Open Access (OA) means that electronic scholarly research outputs are made freely available on the web to all, with no license restrictions. In doing so you maximise the impact of your work as the potential readership is far greater than that for publications where the full-text is restricted to subscribers only.
Open access publications go through the same peer review process as non-open access publications. Open access does not interfere with a decision to exploit results commercially, e.g. through patenting.
The principles driving the Open Access Policy statement are that the outputs from publicly-funded research should be publicly available to researchers and to potential users in education, business, charitable and public sectors, and to the general public.
There are two routes into Open Access - green or gold:
Green Open Access is where the author publishes in a journal and then deposits a version of this article into a subject or institutional repository, such as AIT Research@THEA with or without an embargo period. A link is provided from the open access repository version to the published version. 72% of journal publishers allow this. Specific publisher policies in relation to self-archiving can be checked on the SHERPA/RoMEO database. Green Open Access means there are no costs involved for the author.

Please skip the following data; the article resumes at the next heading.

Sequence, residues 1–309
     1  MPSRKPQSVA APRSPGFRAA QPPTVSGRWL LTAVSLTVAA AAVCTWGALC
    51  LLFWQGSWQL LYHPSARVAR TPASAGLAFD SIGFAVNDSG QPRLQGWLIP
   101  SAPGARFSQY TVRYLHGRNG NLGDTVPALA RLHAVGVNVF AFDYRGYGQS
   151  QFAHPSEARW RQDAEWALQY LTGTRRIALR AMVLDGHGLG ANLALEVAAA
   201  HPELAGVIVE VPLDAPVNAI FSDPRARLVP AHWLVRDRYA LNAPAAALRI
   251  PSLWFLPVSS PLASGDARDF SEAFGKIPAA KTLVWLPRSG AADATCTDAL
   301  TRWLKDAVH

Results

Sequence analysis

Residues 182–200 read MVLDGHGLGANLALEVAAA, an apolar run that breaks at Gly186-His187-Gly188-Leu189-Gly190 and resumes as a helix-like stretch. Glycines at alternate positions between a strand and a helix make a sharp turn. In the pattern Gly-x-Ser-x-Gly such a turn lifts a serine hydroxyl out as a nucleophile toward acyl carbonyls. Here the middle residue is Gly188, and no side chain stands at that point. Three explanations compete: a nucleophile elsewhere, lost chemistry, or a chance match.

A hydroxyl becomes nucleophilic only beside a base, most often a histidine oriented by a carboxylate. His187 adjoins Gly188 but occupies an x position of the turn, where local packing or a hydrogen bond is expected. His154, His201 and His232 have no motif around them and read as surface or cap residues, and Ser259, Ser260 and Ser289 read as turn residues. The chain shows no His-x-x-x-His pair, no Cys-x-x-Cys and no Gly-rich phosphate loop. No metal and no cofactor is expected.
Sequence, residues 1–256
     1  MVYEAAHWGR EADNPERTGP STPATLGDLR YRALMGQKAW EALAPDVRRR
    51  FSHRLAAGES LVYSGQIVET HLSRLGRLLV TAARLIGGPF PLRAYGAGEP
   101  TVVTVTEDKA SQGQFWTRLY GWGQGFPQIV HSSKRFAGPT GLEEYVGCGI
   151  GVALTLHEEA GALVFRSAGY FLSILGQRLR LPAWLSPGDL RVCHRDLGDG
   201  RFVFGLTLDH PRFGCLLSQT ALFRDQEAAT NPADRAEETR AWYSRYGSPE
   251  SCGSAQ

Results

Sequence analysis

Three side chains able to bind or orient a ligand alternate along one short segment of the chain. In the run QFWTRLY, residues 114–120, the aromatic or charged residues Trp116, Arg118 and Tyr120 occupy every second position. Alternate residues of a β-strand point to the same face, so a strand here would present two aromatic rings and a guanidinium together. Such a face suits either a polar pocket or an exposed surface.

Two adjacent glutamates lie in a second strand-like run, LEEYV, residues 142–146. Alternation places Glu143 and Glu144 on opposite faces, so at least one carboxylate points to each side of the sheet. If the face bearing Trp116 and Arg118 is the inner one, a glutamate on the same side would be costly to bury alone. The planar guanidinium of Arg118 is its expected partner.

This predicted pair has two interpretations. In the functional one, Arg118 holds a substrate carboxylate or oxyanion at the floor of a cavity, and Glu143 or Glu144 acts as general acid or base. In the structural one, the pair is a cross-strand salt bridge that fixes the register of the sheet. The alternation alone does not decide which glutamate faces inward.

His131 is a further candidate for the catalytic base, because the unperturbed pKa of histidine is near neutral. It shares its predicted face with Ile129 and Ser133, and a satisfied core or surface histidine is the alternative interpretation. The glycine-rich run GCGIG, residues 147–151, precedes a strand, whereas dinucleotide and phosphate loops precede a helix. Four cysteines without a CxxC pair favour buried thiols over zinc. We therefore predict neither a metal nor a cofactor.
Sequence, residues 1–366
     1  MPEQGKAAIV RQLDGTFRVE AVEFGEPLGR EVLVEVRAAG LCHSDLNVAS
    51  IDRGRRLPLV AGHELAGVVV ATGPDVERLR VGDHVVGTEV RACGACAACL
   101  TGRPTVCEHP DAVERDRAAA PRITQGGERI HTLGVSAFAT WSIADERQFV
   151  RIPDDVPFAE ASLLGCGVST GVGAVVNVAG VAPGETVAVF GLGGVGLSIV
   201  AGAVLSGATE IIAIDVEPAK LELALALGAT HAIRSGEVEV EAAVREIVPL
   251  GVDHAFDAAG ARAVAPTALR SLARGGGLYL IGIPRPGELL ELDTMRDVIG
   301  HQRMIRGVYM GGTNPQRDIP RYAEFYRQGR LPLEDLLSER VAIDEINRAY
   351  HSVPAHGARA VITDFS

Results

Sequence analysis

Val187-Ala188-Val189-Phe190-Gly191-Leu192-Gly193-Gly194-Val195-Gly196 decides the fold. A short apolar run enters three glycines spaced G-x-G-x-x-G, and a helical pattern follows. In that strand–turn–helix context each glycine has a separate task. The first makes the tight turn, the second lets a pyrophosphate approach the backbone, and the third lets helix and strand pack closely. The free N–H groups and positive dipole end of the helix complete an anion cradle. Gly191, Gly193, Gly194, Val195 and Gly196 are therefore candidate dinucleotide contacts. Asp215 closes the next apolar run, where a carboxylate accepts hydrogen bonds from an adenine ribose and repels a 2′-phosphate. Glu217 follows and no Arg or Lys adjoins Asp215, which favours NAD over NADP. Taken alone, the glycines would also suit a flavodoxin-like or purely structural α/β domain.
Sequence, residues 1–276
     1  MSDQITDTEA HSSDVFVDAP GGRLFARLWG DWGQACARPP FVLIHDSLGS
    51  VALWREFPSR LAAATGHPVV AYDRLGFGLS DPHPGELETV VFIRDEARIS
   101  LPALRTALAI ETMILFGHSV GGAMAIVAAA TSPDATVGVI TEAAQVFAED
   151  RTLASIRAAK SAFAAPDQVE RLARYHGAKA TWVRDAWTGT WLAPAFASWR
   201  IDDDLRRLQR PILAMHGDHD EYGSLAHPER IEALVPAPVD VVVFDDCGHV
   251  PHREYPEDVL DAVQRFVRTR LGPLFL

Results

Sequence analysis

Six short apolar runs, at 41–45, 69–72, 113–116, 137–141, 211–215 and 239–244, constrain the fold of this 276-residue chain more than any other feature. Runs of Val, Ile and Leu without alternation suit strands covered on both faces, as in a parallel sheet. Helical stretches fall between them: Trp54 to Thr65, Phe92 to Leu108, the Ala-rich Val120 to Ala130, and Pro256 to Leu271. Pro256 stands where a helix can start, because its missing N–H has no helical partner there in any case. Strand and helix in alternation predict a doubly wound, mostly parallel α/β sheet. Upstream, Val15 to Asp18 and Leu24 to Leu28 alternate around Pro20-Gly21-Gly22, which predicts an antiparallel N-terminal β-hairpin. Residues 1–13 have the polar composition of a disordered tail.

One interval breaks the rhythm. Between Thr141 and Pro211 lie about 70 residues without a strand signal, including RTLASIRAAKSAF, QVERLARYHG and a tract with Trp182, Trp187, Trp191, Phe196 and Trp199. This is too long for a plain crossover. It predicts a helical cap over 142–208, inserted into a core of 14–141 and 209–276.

Gold Open Access is where the author makes their article Open Access in a journal, sometimes for a fee, known as an "article processing charge" or "APC". This journal may be exclusively Open Access, or it may have a mixture of Open Access and subscription-only articles. These are referred to as HYBRID journals.
Some exclusively gold open access journals include major players such as:
More than half of all these full open access journals do not charge APCs. Refer also to the list of open access journals in the DOAJ.
where authors wanting to publish an article can see whether a particular journal is held in high regard and what the publication costs are.